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It's likely that many of you have visited the cinema in the UK (perhaps you were one of the nearly 500,000 people who attended this year's Into Film Festival?) - but not many people have experience of visiting the cinema in a foreign country. Are viewing habits and cinema rituals the same elsewhere? Our well-travelled reporter Anisha, 19, is drawn to the lure of the cinema wherever she goes, and below gives us her impressions of film-going culture abroad, from navigating in-screen etiquette to deciphering multiple subtitles.
Film possesses the ability to engage the wondering mind of a frequent traveler. Name your favourite road trip film, take the protagonist and make them a cinephile, what happens next? Does the admiration for movies cross borders? Is a film-lover's thirst quenched regardless of geography?
If you catch me opting for the cheaper menu items you can guess that I'm saving for movie tickets or plane journeys, and often enough, it's both. Over the past year I've found myself translating foreign cinema websites, perusing the viewing options in whatever country I've taken myself to, often relying on the fundamentals: recognisable and iconic posters. A few times I've attended the obscure and the unknown - most of which have been pleasant surprises and memorable experiences. Overall the experience is aways different (in a good way) to the kind at home.
Seeing Moonlight in the Netherlands became the occasional guessing game when Dutch subtitles accompanied French dialogue, and the screening became a game of Chinese whispers for my girlfriend as she translated Dutch subtitles for me, her brain ticking like clockwork against the fast pace of character dialogue. The experience was similar in Bulgaria, where the final words of Ghost in the Shell, spoken in Japanese, are still a mystery to me.
Cinema etiquette,subject to location, fascinates me every time. A screening of Shot Caller in Vietnam taught me that being on your phone during a film isn't complete taboo, as the rows of glowing screens proved. Snacks weren't limited to the common hotdog and popcorn bucket combo, but an extensive array of hot (and often mystery) sizzling street food. I should probably note here that food and tickets in Asia tend to cost no more than a total of £4, which is heaven for a student on a tight budget.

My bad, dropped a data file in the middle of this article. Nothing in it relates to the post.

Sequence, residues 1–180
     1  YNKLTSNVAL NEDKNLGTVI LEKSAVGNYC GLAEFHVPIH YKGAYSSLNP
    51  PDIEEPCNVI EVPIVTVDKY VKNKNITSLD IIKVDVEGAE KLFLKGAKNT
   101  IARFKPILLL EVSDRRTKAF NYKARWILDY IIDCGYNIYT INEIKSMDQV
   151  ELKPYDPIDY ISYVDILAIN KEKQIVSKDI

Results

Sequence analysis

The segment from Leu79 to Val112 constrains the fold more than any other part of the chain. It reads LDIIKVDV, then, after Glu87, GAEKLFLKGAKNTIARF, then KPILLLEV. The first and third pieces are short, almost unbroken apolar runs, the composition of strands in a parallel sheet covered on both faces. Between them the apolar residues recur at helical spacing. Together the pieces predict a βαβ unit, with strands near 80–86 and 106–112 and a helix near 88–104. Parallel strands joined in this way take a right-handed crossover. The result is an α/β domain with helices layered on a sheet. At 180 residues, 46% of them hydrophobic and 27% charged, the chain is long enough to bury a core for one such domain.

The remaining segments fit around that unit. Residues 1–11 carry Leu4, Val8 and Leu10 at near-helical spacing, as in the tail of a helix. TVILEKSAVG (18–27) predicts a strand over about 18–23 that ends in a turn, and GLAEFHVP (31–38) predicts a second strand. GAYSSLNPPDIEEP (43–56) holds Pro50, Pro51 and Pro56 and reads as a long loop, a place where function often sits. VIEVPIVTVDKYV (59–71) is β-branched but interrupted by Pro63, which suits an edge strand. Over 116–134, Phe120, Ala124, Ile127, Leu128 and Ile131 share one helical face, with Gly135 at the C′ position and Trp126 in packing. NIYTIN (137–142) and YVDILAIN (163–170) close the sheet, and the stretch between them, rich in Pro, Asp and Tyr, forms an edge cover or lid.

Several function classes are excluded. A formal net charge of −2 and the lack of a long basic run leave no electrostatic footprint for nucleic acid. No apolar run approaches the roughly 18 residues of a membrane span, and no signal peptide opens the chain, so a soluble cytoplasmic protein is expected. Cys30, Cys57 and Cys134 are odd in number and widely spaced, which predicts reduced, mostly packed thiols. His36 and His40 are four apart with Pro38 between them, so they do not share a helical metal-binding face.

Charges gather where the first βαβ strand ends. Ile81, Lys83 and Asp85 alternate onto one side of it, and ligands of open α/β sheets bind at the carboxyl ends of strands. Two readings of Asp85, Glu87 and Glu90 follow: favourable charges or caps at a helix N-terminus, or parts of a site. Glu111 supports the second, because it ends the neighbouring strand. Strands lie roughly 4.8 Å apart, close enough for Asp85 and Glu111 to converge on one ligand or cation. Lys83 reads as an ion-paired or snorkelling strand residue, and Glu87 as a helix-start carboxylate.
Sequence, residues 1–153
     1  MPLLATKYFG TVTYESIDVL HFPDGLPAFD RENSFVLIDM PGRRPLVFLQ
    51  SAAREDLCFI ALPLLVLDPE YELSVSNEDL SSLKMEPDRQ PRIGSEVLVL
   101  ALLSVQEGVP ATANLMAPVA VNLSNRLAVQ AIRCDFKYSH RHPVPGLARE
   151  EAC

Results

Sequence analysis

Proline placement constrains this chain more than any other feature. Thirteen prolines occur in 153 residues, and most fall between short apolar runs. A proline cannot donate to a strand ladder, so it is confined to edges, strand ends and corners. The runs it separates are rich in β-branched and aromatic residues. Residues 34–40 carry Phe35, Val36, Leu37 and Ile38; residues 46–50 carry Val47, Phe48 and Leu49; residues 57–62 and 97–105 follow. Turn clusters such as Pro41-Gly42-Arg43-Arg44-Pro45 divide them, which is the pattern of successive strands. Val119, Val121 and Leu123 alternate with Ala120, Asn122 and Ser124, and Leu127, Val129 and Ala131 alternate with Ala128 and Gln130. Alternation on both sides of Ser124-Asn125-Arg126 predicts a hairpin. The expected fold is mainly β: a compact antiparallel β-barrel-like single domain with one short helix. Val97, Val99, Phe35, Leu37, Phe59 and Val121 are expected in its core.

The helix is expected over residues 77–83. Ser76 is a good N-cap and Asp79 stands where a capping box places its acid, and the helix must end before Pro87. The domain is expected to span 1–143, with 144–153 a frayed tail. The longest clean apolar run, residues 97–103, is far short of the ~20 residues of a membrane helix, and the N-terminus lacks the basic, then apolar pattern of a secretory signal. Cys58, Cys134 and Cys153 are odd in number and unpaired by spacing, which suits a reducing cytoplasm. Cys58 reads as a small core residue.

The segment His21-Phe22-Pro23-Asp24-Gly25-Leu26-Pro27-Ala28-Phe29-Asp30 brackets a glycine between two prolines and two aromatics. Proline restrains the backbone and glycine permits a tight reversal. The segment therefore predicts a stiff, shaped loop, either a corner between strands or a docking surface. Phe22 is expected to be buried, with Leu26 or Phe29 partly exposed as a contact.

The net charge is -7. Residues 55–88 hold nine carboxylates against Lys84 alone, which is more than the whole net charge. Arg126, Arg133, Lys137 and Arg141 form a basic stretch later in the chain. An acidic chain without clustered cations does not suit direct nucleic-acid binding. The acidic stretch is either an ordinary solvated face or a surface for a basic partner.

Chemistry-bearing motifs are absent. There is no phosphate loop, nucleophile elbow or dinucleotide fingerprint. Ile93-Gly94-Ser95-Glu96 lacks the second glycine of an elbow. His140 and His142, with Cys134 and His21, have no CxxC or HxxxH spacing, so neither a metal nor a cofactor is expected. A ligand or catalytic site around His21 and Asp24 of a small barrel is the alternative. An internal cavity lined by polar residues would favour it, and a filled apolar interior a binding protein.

More times than I care to admit I find myself listing the aspects of life that are universal. For example, I often start with things like maths and laughter, both of which are the same worldwide. During my travels it becomes wonderfully evident that film, under the umbrella term of art, fits into this list. The seats, the tickets (great for pin boards), the screen, the posters: they're the fundamentals. Occasionally, however, the experience is unpredictable and uncontrollably awe-inspiring.
On a trip to visit family in Kathmandu, Nepal, I took a weekend trip to Pokhara, where I saw The Truman Show for the first time with a mountainous backdrop, on a ‘DIY' projection screen, with the dramatic accompaniment of monsoon weather. We sat by a bar offering free bug spray, and heavy, homely blankets, shielded from the impressively relentless rain by picturesque bamboo roofing.
On the coach journey to our destination we met a woman beginning her medical placement at a nearby hospital. On her first night we attended the cinema together with my aunt and uncle, and found that a larger crowd from her hostel also joined. The backpacker culture and word-of-mouth: a perfect combination when it comes to the precious, ‘secret' finds. ‘Oh there's this place, not from the guidebook, I found out from a friend of a friend, and it's great…' And so, the lovers of film seek out and pursue a beautiful experience.
A screening of Bad Genius in Malaysia, which is the film that opened the NY Asian Film Festival, ended up being one of the best films I've seen abroad. With Thai dialogue and subtitles shown in English, Malay and Chinese (all at once), there was no escaping the feeling of being in a foreign country. The audience was brought together by the communal laughter shared amongst a diverse linguistic background - a kind of communication, or relation to strangers and locals via the familiar route of film.
From the variations of audience responses, to eclectic screenings and region-specific cuisines, you can find something special about any foreign cinema, and leave with a memorable experience and a wide smile that'll last the rest of your trip.
Exploring the best of world cinema and foreign language titles for primary and secondary ages.
Suitable forAll ages
No. of films25
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